WASHINGTON (AP) -- President Bush will ask Congress for $419.3 billion for the Pentagon for next year, 4.8 percent more than this year's spending, as the administration seeks to beef up and reshape the Army and Marine Corps for fighting terrorism.
The request will not include money for wars in Iraq and Afghanistan. Congress already has appropriated $25 billion for those wars this year, and the White House is planning to request another $80 billion soon.
The president plans to roll out his military spending proposal Monday as part of a roughly $2.5 trillion federal budget. But documents obtained by The Associated Press on Friday show that he will request $19.2 billion more for the Defense Department than its $400.1 billion budget this year.
However, his request is $3.4 billion below the $422.7 billion the Pentagon estimated in January that it would need for next year.
The proposal will include restructuring and expanding the Army and adding combat and support units for the Marine Corps. It reflects Defense Secretary Donald H. Rumsfeld's efforts to transform the Cold War-style military into one that's more rapidly deployable to fight terrorist groups.
Under Bush's plan, defense spending would grow gradually, hitting $502.3 billion by 2011.
The proposal, according to one of the documents, supports the war on terrorism by "strengthening U.S. defense capabilities and keeping U.S. forces combat ready. It continues to implement lessons learned from ongoing operations in the war."
Those include, according to the proposal, "the need for flexible and adaptable joint military, strong special operations forces, highly responsive logistics and the best possible intelligence and communications capabilities."
The plan calls for special operations forces, which the documents described as "critical to the fight against terrorism," to add 1,200 troops. The forces would get $50 million to keep people from leaving the services.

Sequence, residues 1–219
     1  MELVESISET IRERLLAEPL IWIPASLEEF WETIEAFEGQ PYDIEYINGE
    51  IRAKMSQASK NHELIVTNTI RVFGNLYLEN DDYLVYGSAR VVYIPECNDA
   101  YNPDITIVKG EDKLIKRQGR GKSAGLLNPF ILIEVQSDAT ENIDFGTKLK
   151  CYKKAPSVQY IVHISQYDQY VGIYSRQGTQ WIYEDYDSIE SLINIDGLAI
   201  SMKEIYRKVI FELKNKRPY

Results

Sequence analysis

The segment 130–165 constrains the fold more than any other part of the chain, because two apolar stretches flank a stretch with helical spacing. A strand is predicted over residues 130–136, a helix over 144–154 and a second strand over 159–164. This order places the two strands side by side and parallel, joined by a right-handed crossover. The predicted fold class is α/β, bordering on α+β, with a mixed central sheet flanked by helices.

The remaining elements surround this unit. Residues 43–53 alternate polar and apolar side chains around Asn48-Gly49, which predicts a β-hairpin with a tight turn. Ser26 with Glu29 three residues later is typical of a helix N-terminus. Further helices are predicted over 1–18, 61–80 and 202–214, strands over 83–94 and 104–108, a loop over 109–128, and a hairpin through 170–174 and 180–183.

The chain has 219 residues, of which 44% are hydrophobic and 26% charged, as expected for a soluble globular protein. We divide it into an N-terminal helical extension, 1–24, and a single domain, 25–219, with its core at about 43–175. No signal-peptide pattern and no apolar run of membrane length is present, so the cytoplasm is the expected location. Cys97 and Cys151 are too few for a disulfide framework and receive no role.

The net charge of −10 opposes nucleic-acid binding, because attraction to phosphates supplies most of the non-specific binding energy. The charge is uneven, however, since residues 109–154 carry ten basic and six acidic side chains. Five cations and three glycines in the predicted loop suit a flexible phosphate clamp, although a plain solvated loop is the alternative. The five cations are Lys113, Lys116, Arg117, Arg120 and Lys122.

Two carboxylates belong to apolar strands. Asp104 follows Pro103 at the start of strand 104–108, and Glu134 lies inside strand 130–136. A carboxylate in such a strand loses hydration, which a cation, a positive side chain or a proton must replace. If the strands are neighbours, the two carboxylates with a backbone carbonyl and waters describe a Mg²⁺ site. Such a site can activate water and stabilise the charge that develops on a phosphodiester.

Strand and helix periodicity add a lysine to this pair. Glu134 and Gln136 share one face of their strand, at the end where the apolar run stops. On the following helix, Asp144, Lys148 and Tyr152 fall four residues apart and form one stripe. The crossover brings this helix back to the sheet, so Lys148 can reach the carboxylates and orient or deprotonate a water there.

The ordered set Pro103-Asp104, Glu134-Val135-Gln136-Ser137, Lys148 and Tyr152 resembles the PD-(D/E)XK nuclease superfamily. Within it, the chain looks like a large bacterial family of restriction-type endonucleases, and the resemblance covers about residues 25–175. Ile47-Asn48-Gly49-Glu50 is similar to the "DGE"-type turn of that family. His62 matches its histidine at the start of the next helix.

The president also wants Congress to let him spend $750 million as he chooses to help Iraq, Afghanistan and U.S. allies opposing terrorism bolster their military and security forces. In the past, lawmakers have been reluctant to give Bush unfettered control of such funds but have generally complied.
On Thursday, Missouri Rep. Ike Skelton -- ranking Democrat on the House Armed Services Committee -- said in a statement that he worried the president's budget request, which he anticipated would be billions less than the Pentagon had predicted needing, "may weaken our efforts" in Iraq and Afghanistan "while undermining our ability to prepare for future conflicts."
Overall, the president's proposal calls for the Navy, Marines and Air Force to all receive extra funds next year, but the Army's budget would take a $300 million reduction to $100 billion even though it's bearing the brunt of the costs and fighting in Iraq and Afghanistan. However, the $80 billion Bush plans to request in the coming days for Iraq and Afghanistan is expected to be tilted heavily toward the Army.
Bush plans to propose $1.6 billion to fight chemical and biological threats next year and $9.9 billion over the next five years. And, he would allocate $9.5 billion for homeland security activities next year and $147.8 billion for training, maintenance and other "readiness" programs.
Despite the overall military increase, the Pentagon's account for purchasing new weapons would actually incur a $100 million cut next year to $78 billion. The proposal underscores how huge federal deficits are affecting even the Defense Department, long one of Bush's top priorities.
The president, according to the documents, will seek $8.8 billion for its missile defense program, compared with $9.9 billion this year. The documents also showed that he would ask for $695.7 million for the Chinook helicopter for next year, compared with $869.8 million for this year. And, the B-2 stealth bomber would get $344.3 million, down from $365 million this year.